Although the money is good, the work is mindless and unpleasant. You used to be able to rationalize sticking because of the income, but now that isn’t enough. During meetings, you find yourself watching the second hand of the clock tick past. After a long weekend, it’s Tuesday, and you’re already looking forward to your next vacation day. While you value the security that your employer gives, you’re beginning to believe that you’re squandering your potential. These are all indications that someone could benefit from a change.

5. Your work has a negative impact on your personal life

Work should be difficult but not exhausting. If you’re constantly tired, sleeping poorly, getting headaches, or having other physical problems, it’s possible that your body is telling you that your job isn’t good for you. Being constantly stressed might have a negative impact on your relationships with others. Have your friends and relatives expressed their displeasure with your impatience or incessant whining? If your job is making you miserable or bitter, start looking for hobbies that can help you reclaim your identity.

All these signs put together after a long while can lead to severe cases of depression and a feeling of unfulfillment. They make you unproductive and incompetent. When all these begin to happen, “Change your career path!!”

How To Change Your Career

With the knowledge of the types of career change we have explained above, we’ll now consider how you can change your career to something more suitable. I’ll advise you to start making plans to locate a work that allows you to pursue your passions, as happiness is an important factor in job performance and progress. To break free from career frustration and make a difference, follow these steps by step guides.

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#1 Identify exactly what isn’t functioning

Take some time to figure out what exactly is causing you so much stress at work. Is your frustration due to variables outside of your control, such as your coworkers, supervisor, corporate culture, or even your commute? If that’s the case, would changing teams or leaving the firm make you happier, or do you still feel dreadful thinking about the task you’ll be performing regardless of the change in scenery? If your dissatisfaction stems from the job’s functional obligations, a more severe shift may be required.

#2 Identify the aspects of your current position that you enjoy

Consider when you first started in your current position. What were your reasons for doing so? Was it the day-to-day obligations that made the difference? Is there a chance for advancement in your career?

Then look at the aspects of your employment that you still enjoy and try to figure out why they do. Is it because of the creative nature of your job? What about strategic planning? Do you want to do some math?

Do you enjoy constant change or do you prefer stability? When considering your next role, keep these points in mind. You’ll have a better understanding of areas to seek out or avoid in your next professional move if you examine your current likes and dislikes.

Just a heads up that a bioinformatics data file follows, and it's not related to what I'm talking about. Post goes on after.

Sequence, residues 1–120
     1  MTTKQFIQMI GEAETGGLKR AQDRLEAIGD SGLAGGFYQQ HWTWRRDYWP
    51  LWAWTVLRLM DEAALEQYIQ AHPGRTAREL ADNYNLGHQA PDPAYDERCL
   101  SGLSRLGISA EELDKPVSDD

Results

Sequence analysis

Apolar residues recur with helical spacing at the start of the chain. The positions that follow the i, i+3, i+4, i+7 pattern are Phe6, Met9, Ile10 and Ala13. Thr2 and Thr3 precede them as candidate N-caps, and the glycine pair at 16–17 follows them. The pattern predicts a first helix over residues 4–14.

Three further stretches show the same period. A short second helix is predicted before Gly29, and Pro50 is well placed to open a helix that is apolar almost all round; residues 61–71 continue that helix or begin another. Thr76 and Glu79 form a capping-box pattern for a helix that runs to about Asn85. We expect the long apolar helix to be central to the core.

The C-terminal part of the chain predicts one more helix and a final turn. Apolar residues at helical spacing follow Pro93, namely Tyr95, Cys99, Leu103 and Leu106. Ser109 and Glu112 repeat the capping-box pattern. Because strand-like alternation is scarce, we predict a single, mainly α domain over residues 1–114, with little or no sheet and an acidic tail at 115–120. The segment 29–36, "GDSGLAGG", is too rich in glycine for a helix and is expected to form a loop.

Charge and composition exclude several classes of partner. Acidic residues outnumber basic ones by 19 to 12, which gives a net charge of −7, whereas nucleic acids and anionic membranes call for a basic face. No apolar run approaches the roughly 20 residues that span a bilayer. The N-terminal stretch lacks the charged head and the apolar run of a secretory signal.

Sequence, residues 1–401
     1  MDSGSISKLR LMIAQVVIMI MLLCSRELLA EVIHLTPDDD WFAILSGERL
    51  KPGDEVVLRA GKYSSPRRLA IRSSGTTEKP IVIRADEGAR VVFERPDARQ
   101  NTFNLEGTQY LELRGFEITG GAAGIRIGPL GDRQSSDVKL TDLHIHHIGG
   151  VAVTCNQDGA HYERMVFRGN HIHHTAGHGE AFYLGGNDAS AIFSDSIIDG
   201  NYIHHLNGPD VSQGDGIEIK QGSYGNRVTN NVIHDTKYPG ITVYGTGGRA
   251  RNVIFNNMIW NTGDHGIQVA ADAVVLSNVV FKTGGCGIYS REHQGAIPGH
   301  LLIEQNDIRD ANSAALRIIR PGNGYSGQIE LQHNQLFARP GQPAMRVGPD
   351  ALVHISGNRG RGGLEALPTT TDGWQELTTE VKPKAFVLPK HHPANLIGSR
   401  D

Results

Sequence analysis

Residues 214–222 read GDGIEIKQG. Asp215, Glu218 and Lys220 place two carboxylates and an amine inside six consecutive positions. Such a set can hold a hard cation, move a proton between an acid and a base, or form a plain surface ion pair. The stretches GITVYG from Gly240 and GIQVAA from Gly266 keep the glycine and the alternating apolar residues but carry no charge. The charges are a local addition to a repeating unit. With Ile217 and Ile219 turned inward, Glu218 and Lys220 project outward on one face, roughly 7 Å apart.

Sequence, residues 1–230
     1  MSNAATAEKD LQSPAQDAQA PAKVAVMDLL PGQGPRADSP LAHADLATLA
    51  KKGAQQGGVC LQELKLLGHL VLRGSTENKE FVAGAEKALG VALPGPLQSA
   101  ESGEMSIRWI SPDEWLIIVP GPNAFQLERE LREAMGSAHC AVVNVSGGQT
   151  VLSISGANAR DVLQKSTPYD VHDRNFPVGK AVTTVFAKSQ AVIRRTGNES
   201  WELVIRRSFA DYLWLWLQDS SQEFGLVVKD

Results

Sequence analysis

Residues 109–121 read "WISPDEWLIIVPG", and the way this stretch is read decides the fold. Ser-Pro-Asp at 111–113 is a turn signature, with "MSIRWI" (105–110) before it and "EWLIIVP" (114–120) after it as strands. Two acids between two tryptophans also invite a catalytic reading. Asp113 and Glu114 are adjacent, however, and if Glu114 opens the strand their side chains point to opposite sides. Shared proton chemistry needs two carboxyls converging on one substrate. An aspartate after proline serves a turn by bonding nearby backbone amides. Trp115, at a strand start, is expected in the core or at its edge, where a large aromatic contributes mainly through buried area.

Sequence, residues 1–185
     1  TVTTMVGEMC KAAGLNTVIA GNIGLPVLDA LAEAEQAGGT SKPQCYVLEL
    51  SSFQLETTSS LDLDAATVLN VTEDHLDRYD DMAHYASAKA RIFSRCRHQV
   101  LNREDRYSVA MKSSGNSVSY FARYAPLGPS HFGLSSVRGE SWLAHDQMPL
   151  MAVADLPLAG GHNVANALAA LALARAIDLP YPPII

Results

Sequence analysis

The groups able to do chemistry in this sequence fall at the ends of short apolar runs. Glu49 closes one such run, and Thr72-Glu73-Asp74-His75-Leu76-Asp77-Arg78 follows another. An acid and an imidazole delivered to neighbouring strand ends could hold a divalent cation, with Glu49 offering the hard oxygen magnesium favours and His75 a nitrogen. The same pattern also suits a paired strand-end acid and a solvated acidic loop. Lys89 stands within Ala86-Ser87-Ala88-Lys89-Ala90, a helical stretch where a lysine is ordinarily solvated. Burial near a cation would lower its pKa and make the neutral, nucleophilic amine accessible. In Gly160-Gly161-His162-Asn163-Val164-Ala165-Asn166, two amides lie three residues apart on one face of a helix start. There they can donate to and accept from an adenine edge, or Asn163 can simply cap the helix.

#3 Think about your essential principles

It’s critical to discover a strong cultural fit in any employment. Examine your values and choose which corporate culture best suits your personality. Do you place high importance on autonomy, community, and innovation? Would you feel at ease working in a place where upholding the status quo is rewarded? Perhaps it’s important to you that you’re contributing to a good cause.

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It is critical, to be honest with yourself when taking this form of self-inventory, regardless of your ideals. Consider the jobs you admire in your friends. Is it their role that interests you, or is it the freedom and empowering culture that you seek?

Discover what makes you feel alive, even if it isn’t what you (or others) believe you “should” be doing. It’s quite fine if your values have shifted since you first started working. Just make a list of your top priorities for today.

#4 Evaluate your strengths and weaknesses

What would you be doing if it weren’t for money, time, location, or any other reason? The time has come to figure out how to do so. Examine how your current role and your ideal role intersect, even if a complete 180 isn’t possible overnight. Consider your transferrable abilities, relevant experience, and network connections that can assist you in making the most convincing shift, even if your current and ideal positions are poles apart.

#5 Create and carry out your strategy

After a comprehensive self-evaluation, write out your objectives, establish short-term milestones along the road, and set realistic deadlines for yourself. To help you find a job, perfect and polish your own brand. Along the process, keep an eye on increasing your network and reconnecting with existing contacts, as well as honing your talents.

Above all, don’t be intimidated or discouraged by the prospect of a new job. Regularly check in with yourself to ensure that your current role is in line with your long-term objectives. Know when to leave and when to continue. It’s never too late to pick up where you left off and do what you love every day.

Conclusion

Changing a career is a new phase and a new beginning in one’s life. Now that you know how to go about a career change, we’re very positive that you’ll make the right choice in picking a career that meets your requirements and satisfies you. We hope this article was helpful enough.

FAQs on Career Change

What is career change?

A career change is a phenomenon that describes a shift to a new type of job from what you’ve been doing previously.

What are the types of a career changes?

The three types of career change are; vertical career change, horizontal career change, and strategic career change.

Can I still change my career at age 40?

Yes. It is possible to still change career at age 40. All you have to do is make plans and work towards it.

How important are career counselors?

Career counselors are very important especially to those who are confused about how to go about their careers.

Should I quit my current job before switching careers?

You can keep working on your current job while you make plans to switch careers.

References